No ticket required: Bryce Jordan Center's arena pivots to host classes

September 04, 2020

UNIVERSITY PARK, Pa. — The return of students to the University Park campus during the coronavirus pandemic created several challenges for Penn State, including where to safely conduct larger classes.

With physical distancing the order of the day, University leaders sought to find additional space on campus to host some courses with larger enrollments.

As officials discussed alternatives to existing classrooms, one idea emerged: Using the Bryce Jordan Center as a classroom. 

“There are very few places on campus that can actually accommodate 100, 150, 200 socially-distanced students,” said Al Karosas, general manager of the Bryce Jordan Center. Karosas suggested to University leadership that the arena could host some classes.

“I said, ‘We have the ability and the amenities that I think the classes might need. We may be able to help out here,’” Karosas recalled.

With national music tours on hold, state rules limiting public events and a pause on athletic events, the Bryce Jordan Center was in a unique position to assist with the resumption of in-person classes at University Park.

Converting the 16,000-seat Jordan Center into a giant classroom was a fairly seamless transition, as staff members had been hard at work all summer planning on how to safely host events once conditions allowed.

“We developed a plan — 72 pages of policies and procedures on how to safely have people in house,” said Kate Bean, the Jordan Center’s marketing and communications director. “We retrofitted the entire building. I don’t know if there’s a single surface or space that has not had a change to it to accommodate for COVID.”

In addition to installing hand sanitizer stations, increased cleanings and other safety measures, the Jordan Center enlisted the help of the campus Multimedia and Print Center to develop ‘seatbelts’ — printed vinyl strips wrapped around each seat — to assist with physical distancing in the arena classroom.

“It’s an easy way to show people where to spatially distance. We wanted to make it easy, so when students come in, they could see where they could sit and where they could not,” Karosas said. 

Karosas credits the Miami Dolphins for the concept and has been sharing images of the Jordan Center’s seats as colleagues across the country work to prepare their venues for the eventual return of live events.

The center’s team also developed “COVID Courtesy” clings for windows and mirrors, including music-based ones on restroom mirrors with modified lyrics from pop songs such as “Africa” by Toto and “Raspberry Beret” by Prince to help people wash their hands for the proper length of time.

When it came to shifting the arena from hosting rock concerts to college classes, Karosas said the staff’s experience in quickly converting the facility from hosting a basketball game to a rock concert to another event made it easy.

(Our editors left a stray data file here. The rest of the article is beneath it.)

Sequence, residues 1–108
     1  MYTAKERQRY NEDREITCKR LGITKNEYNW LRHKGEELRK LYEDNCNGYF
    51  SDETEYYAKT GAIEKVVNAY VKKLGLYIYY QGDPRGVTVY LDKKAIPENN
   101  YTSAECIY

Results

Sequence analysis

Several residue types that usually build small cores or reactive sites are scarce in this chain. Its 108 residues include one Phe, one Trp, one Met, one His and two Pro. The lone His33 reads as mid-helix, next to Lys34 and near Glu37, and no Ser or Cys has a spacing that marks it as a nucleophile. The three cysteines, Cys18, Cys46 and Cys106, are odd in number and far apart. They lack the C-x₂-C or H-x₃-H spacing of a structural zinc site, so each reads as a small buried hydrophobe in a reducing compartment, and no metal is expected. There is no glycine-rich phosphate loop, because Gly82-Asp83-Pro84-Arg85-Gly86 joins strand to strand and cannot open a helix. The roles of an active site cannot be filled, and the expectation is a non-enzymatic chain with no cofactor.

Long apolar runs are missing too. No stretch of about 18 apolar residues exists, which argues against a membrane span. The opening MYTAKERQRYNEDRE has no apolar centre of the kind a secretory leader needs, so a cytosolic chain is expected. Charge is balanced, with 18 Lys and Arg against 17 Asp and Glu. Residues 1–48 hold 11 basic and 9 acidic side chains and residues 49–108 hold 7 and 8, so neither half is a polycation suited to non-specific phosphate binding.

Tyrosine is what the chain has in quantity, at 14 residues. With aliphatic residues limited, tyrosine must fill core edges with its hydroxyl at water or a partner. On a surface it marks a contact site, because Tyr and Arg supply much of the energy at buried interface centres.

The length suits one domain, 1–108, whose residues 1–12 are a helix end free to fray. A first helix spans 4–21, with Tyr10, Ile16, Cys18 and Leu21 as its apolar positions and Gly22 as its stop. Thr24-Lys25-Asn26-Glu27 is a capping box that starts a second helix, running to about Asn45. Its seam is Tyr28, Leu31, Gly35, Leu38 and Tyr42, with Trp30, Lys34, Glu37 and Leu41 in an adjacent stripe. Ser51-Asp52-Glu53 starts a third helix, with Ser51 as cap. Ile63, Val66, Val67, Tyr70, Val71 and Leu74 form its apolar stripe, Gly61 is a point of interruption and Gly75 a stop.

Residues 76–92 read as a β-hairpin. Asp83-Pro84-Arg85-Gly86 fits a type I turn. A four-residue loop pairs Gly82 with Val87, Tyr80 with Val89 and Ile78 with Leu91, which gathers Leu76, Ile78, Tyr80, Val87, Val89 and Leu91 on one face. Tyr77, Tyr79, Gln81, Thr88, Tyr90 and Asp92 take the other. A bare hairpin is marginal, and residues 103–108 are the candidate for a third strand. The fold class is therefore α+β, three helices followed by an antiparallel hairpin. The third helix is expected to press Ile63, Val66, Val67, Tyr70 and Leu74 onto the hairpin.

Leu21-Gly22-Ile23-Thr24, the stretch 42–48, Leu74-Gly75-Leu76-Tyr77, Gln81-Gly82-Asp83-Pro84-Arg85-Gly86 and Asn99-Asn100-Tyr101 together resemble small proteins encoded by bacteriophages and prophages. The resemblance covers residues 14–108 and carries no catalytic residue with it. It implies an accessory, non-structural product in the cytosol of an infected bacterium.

“The expertise of our team made this a simple transition,” he said. “When you have professionals who work with Bruce Springsteen, Billie Eilish and all these other tours and know the complexities of their productions, their audio and video, it wasn’t a problem to use that knowledge and experience toward creating a classroom.”

Karosas said hosting fall classes in the arena aided the Jordan Center in recalling its remaining full-time workforce that had been furloughed when the venue stopped hosting live events.

Bean said the production team worked closely with faculty members to make sure the lecture and presentation experience was optimized for both the instructor and the students.

“They’re using our sound system to teach their classes while putting their presentations on the Jumbotron,” Bean said. “Our sound system is one of the best in the nation. We can target sound to students where they are, so it’s not echoey.”

Technicians also lowered the giant scoreboard to a level where students could easily see a faculty member’s presentation. “We kept lowering it until it was at the optimal level,” Karosas said.

The production team assigned each faculty member their own lavalier microphone, which are sanitized after each use. “Literally, that faculty member will be the only person to use that mic,” he said.

Much like a conventional classroom, faculty members could arrive at the Jordan Center, plug their equipment and start their class without a hitch.

This semester, the Jordan Center is hosting eight courses, including classes in chemical engineering, education psychology, nursing, psychology, nutrition and Navy ROTC.

Students and faculty traveling to the Jordan Center for classes also have the opportunity to pick up a drink, snack or meal before or after class.

Bean said the Penn State Bakery has set up shop with breakfast favorites including coffee, iced mochas, bagels, muffins and doughnuts, and the Roaring Grill is opened for lunch with the usual favorites and a rotating menu.

She said each day’s menu is promoted on social media, and the rotating menus are often themed, such as THON throwback or Asian wok.

Karosas added that the Jordan Center is offering chicken tender baskets for students who miss getting them at events. “Students seem to have a need for their chicken tender basket.”

Last Updated September 08, 2020